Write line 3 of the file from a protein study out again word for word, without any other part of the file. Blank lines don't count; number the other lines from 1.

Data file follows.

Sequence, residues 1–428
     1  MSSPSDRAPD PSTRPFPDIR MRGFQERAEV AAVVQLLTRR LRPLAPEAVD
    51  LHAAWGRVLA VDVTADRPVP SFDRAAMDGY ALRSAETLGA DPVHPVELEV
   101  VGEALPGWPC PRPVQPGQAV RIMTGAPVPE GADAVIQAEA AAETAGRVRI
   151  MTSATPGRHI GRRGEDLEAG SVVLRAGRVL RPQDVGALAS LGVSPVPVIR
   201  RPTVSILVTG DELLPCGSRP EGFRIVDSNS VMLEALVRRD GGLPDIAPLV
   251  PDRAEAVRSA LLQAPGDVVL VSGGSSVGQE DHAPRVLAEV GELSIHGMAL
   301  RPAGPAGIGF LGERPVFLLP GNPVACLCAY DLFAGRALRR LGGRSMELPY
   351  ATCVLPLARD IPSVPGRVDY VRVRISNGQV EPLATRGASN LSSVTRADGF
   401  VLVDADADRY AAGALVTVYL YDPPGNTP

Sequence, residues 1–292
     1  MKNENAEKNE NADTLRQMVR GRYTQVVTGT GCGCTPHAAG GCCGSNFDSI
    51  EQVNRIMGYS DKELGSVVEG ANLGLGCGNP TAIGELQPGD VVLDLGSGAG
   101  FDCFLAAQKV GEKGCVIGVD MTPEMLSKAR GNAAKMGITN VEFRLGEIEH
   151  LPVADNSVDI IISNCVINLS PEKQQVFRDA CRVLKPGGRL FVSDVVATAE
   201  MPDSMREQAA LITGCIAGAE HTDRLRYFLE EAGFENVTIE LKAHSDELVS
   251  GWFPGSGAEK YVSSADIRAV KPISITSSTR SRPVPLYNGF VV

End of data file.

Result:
    51  LHAAWGRVLA VDVTADRPVP SFDRAAMDGY ALRSAETLGA DPVHPVELEV